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Northampton County executive candidates face off in debate

BETHLEHEM TWP., Pa. - Candidates for the Northampton County Executive office took part in a spirited debate Thursday evening involving a number of issues of interest to county residents at Northampton Community College.

The candidates in the debate included Republican incumbent County Executive John Brown and former County Councilman Lamont McClure, seeking the Democratic nomination.

The debate was hosted by the Northampton County League of Women Voters and the National Association for the Advancement of Colored People.

Dr. John Kincaid, the Robert B. and Helen S. Meyner Professor of Government and Public Service at Lafayette College, served as moderator.

Brown previously served as mayor of Bangor, while McClure is currently an attorney.

McClure immediately referenced his desire, if elected, to pursue a green agenda, along with rendering needed support to the senior citizen population.

"We can move forward with an agenda to protect our seniors, green spaces or create a path of cronyism," he said.

He also blasted Brown's support of warehouses in the area.

Brown explained to the crowd he would continue forth with his agenda to protect the taxpayer. He emphasized in the past four budgets he did not have to ask for a taxpayer increase.

The candidates debated a plan by Brown to replace the current Northampton County Prison. Brown said the prison would be built without a tax increase.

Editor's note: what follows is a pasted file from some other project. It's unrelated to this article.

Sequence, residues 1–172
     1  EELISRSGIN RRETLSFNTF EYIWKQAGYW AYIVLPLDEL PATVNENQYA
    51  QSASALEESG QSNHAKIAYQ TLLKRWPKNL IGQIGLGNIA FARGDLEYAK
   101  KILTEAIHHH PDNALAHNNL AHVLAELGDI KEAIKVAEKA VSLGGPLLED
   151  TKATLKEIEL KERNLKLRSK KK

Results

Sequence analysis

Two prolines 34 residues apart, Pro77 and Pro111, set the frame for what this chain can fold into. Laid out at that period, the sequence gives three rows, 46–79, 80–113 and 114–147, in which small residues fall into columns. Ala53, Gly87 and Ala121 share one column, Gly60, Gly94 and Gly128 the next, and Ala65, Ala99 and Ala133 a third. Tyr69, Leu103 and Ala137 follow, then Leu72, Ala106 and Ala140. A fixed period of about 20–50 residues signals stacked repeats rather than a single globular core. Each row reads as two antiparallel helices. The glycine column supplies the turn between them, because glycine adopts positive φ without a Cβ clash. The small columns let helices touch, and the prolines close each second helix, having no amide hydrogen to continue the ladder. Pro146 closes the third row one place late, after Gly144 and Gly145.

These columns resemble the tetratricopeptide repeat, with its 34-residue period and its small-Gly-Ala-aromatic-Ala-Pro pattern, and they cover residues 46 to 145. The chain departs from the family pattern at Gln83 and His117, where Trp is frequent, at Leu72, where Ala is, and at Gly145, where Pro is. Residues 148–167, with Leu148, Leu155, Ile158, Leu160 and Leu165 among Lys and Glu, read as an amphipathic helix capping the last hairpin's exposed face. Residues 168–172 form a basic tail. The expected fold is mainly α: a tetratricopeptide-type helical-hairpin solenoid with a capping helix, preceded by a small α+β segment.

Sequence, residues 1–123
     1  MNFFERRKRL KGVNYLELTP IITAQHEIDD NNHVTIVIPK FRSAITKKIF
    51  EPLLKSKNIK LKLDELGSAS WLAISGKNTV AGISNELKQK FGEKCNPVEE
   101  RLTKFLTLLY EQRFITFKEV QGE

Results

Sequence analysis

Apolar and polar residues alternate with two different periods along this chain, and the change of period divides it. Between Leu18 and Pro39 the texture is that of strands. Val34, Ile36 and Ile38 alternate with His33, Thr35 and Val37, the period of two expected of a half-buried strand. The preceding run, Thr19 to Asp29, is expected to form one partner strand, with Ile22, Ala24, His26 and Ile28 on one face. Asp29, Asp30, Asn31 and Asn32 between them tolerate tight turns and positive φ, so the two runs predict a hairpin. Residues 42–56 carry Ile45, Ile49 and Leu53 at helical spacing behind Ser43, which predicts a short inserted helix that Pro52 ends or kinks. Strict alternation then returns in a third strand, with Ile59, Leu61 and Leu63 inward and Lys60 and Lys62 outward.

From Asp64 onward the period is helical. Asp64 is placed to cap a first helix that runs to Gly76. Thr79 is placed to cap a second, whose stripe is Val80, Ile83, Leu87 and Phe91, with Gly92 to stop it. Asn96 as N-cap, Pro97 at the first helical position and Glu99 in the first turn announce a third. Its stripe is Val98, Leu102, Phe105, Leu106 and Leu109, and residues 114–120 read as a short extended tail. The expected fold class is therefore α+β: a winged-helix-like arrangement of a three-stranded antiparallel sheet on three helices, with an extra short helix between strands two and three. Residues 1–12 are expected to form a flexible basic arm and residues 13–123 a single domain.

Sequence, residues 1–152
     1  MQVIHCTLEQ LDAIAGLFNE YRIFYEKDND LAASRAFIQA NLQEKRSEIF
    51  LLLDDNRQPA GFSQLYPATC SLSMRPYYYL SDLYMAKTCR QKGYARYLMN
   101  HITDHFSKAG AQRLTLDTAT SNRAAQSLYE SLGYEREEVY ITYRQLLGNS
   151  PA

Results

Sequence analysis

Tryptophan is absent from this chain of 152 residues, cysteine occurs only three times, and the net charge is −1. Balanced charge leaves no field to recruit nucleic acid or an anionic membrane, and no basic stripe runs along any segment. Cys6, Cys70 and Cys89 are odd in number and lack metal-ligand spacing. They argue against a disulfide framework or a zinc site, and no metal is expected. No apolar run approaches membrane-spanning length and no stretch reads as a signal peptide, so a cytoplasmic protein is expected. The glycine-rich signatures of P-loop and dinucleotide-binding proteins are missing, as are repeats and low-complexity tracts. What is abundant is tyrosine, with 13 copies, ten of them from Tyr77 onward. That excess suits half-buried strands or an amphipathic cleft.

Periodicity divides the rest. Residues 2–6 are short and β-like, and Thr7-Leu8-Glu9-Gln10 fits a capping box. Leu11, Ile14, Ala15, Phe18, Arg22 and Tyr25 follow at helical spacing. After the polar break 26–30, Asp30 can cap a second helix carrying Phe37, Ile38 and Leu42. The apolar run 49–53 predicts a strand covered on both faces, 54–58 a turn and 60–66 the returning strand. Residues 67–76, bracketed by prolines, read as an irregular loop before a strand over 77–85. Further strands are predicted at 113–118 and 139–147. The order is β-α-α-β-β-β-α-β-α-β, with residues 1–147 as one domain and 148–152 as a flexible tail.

The new prison, Brown said, is needed.

"I believe we can get it done," he said. "There is a tremendous value in moving forward with this. My plan is to do so without a tax increase."

McClure vehemently disagreed with Brown's prison plan.

"A $200 million prison without a tax increase, if anyone believes in that, you believe in free lunches," he said.

According to McClure, he would serve the county better based on his previous government experience serving on county council. 

"I was on the governing body of the county," he said.

He credited his ability to save Gracedale Nursing Home and trying to cut taxes six times.

"That's my record," he added.

Brown and McClure were further asked if they intend to increase taxes if elected.

"I do not anticipate a need to raise taxes," Brown said. "Everything doesn't require raising taxes."

"My record is trying to cut taxes six times," McClure added.

Near the end of the debate, Brown and McClure were asked to offer a favorable comment concerning their opponent.

"Mr. McClure has a wonderful facility for telling stories," Brown said. "On any topic he'll give you a nice bedtime story."

McClure, rather than directly attack Brown, provided him with some credit regarding Gracedale.

"Over his four years, he hasn't started to talk that he wants to sell Gracedale," McClure said. "I'm glad he has said he doesn't plan to do it."

Brown said he is running for reelection based on his experience currently as executive.

"We are making significant progress across the board, " he said.

McClure again concentrated on his desire to work on behalf of the seniors, children and preserve farmland.

"There is so much that needs to be done and it can be done in a hopeful way," he said. "This is why I'm running."


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